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i just wanted to know if i could use factor scores and crosstab it with demographics (i.e. gender, age, etc.)? I have 69 likert-scale variables and run factor analysis on SPSS. It gave me 10 new variables (types of personality. i just wanted to see the demographics of each new variables. Thanks!!!

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  • $\begingroup$ Of course you can :) Are you asking how to do it in the software, or whether you can draw a particular conclusion, etc? $\endgroup$ – JMS May 11 '11 at 15:40
  • $\begingroup$ Can you please explain both? :) I saw this study where they use FA to group people's personalities. After they derive the groups, it seems they use Multiple Response Analysis and crosstab it with gender (males and females). As if they change the factor scores into zeros and ones (just a hunch). Thanks in advance! $\endgroup$ – joms May 12 '11 at 6:15
  • $\begingroup$ I think @rolando2 has you covered on the software front. I'm not familiar with multiple response analysis, but certainly it's reasonable to look at the distribution of factor scores overall, across different groups, etc, however you do it. $\endgroup$ – JMS May 12 '11 at 14:21
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In SPSS, choose Analyze...Descriptive Statistics...Explore. The factor scores will be your dependents, and a demographic grouping will be your "factor" in this procedure. I'd choose Plots Only to start with and request boxplots. You can get either factor levels together or dependents together: you can experiment.

Later, when you want means and standard deviations and such, I'd use the Summarize command, located in the menus at Analyze...Reports...Case Summaries. You can also experiment with "means [var list] by [var list]/stat anova."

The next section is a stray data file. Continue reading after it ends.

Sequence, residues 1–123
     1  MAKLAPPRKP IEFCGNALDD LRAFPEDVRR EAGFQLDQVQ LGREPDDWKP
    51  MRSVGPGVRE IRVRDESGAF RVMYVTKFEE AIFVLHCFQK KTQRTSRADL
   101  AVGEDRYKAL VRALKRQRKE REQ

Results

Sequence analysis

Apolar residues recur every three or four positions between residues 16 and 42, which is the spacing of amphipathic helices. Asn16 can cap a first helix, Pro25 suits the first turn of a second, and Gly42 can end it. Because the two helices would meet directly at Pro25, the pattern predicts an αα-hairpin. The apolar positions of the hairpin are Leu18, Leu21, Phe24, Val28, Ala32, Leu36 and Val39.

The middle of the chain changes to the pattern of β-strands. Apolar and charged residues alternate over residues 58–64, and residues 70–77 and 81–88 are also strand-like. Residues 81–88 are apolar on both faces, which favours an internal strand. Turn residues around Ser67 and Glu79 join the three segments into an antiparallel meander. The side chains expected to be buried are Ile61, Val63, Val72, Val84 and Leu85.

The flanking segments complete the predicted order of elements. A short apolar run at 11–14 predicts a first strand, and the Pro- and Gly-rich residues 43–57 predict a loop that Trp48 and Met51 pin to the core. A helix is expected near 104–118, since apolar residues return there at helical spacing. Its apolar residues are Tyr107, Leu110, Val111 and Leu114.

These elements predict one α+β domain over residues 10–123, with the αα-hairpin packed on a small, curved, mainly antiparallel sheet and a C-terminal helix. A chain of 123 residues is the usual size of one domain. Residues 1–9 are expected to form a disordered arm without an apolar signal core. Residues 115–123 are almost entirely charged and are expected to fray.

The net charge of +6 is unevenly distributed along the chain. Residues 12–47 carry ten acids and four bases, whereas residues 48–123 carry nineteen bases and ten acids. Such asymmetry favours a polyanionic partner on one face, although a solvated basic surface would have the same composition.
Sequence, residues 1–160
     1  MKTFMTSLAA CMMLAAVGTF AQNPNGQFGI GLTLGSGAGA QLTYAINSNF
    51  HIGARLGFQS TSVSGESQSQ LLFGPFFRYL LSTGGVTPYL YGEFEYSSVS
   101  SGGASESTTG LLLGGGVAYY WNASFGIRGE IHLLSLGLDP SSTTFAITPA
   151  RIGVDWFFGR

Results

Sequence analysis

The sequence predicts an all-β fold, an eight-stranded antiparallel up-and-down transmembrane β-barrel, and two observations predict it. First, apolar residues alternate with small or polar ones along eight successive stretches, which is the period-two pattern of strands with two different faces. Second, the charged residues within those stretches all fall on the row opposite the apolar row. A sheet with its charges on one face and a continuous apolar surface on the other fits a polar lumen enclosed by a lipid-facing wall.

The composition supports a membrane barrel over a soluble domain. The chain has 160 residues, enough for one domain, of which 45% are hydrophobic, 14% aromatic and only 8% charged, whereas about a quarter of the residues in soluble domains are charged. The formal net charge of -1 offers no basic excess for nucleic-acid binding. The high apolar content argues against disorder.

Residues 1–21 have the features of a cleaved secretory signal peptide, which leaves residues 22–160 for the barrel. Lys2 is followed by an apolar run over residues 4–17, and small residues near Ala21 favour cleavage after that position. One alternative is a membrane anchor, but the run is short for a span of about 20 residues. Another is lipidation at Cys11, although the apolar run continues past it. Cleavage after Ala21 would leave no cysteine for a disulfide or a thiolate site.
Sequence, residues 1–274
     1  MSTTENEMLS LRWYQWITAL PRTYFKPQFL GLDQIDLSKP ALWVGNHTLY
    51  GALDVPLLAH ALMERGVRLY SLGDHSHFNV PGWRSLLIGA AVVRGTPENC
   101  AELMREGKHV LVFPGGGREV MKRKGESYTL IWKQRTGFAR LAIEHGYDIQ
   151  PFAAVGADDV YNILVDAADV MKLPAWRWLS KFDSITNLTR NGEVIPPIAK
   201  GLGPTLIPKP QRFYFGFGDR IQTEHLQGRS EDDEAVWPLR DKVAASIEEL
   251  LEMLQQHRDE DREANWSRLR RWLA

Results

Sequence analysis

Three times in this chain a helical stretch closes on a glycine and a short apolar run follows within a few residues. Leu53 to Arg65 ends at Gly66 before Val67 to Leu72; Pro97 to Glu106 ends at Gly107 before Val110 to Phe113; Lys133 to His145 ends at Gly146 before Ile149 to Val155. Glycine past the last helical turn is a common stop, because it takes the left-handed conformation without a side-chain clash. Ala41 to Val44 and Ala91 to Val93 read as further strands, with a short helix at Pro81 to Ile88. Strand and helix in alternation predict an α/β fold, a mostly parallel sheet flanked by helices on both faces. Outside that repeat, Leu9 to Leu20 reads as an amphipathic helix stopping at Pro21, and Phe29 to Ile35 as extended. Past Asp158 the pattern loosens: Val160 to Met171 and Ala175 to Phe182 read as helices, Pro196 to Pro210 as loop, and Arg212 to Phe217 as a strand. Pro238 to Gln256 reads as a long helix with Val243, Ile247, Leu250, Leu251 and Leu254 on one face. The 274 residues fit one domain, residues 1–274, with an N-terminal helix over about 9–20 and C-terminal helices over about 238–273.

However, I'd caution you that some of your 10 factors are likely to be marginal ones that have small eigenvalues and explain little of the total item variance. Maybe consider making your criteria stricter for factor extraction, such as using a subcommand like "/criteria mineigen (1.5)" or 2.0 instead of 1.0 which is so commonly used. It'll also be a plus to reduce your number of factors when it comes to displaying and explaining your results.

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  • $\begingroup$ Thank you so much @rolando2! Great help! I have another question, i tried the descriptive statistics you taught me (factor scores DV and gender for "factor"), but the output is VERY long and i couldn't explain it. Sorry for being a bit stupid here. I was looking for a breakdown in gender (i.e 30% men Factor 1; 80% men in Factor 2; 45% men in Factor 3; etc.). Many thanks in advance!!! $\endgroup$ – joms May 16 '11 at 7:01
  • $\begingroup$ @joms There is no such thing as being "in" Factor 1: each person has a score on Factor 1. Perhaps the men have scores shifted lower compared to women's--that's the sort of thing you could show with the Explore command. See if you can generate a single boxplot at the end of your output that shows all the Factors split by gender. $\endgroup$ – rolando2 May 17 '11 at 0:40

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